Student Debt Report Captures National Attention

Crushing College Dreams

Indentured Student (DonkeyHotey/Flickr)

IPS’ recent report, “The One Percent at State U” examines the 25 state universities that paid out the most in executive compensation from 2005 to 2012, and found that executive pay at these schools reached an average of nearly $1 million by 2012 while student debt and low-wage faculty rose much faster than national averages.

Since release, the report has garnered significant attention in prominent national media outlets. Coverage has included articles in The New York Times, TIME, CBS Moneywatch, and Bloomberg, and was also featured in Gawker and The Nation.

“Why should students and faculty — and everyone who cares about them — pay close attention to the upward spiral of such salaries?” asked report authors Marjorie Wood and Andrew Erwin in their Los Angeles Times op-ed. “Because according to our research, these highest-paid presidents are more likely to preside over public universities where student debt is growing fastest and the number of full-time faculty is shrinking.”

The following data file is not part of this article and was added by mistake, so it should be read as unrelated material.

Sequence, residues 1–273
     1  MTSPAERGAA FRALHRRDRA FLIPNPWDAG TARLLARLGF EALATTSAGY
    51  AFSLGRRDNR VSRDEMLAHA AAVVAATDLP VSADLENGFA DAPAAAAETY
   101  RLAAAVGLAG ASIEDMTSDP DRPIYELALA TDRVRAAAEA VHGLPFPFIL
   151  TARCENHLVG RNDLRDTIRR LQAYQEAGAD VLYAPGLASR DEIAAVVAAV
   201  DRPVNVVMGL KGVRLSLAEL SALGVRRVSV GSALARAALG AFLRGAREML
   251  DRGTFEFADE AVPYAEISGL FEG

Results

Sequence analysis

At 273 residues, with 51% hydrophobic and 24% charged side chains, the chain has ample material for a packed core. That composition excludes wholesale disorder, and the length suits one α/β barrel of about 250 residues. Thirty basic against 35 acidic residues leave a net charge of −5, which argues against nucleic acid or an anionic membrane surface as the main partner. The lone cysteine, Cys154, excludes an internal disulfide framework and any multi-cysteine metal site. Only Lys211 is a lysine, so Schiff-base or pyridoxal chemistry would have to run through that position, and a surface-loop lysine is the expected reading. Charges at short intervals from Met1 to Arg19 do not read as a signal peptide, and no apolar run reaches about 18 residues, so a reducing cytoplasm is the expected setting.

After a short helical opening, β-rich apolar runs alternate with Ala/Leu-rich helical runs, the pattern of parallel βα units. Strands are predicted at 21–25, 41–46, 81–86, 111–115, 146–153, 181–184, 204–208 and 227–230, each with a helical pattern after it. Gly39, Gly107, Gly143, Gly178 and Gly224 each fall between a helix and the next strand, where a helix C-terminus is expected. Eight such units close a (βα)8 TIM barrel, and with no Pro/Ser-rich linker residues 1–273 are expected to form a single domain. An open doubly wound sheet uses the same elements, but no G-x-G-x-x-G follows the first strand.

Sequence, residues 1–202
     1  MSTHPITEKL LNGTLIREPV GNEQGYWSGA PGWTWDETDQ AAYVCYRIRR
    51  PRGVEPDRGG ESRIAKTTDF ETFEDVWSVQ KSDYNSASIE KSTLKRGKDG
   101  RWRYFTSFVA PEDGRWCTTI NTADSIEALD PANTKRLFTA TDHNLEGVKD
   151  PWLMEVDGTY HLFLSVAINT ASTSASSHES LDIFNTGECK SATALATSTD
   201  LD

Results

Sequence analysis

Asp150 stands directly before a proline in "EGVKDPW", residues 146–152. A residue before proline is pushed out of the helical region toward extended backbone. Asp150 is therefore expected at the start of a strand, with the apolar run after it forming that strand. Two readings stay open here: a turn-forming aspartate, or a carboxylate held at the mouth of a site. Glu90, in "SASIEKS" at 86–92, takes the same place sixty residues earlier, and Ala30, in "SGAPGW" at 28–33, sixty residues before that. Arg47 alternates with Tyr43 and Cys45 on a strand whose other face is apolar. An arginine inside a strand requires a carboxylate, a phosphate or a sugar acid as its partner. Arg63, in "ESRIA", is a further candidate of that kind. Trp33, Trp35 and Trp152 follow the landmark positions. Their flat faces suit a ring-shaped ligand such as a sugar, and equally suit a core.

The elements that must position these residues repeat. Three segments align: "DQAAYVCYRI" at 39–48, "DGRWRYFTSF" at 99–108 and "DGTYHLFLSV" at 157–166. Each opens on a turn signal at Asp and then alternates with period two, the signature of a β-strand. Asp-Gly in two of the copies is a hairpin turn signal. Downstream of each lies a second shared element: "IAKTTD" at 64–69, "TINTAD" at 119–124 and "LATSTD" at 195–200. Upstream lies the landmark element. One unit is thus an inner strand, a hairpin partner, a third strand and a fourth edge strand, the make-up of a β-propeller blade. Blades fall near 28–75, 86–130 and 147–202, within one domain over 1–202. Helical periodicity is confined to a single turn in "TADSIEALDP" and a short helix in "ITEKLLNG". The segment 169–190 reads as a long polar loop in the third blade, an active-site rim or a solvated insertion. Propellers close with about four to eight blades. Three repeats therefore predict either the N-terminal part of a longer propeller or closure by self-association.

The report also resulted in a New York Times editorial on May 23, 2014. Using the report’s findings, the Editorial Board concluded: “Confronted with punishing state budget cuts, the public colleges and universities that educate more than 70 percent of this country’s students have raised tuition, shrunk course offerings and hired miserably paid, part-time instructors who now form what amounts to a new underclass in the academic hierarchy. At the same time, some of those colleges and universities are spending much too freely on their top administrators.”

The report and an infographic of its findings have also become important resources to organizations working to eliminate inequality in higher education institutions, including SEIU’s Adjunct Action Campaign, the New Faculty Majority, the Lecturers’ Employee Organization, Jobs with Justice, and the Student Labor Action Project.

For more information, or to read the full report, visit “The One Percent at State U.”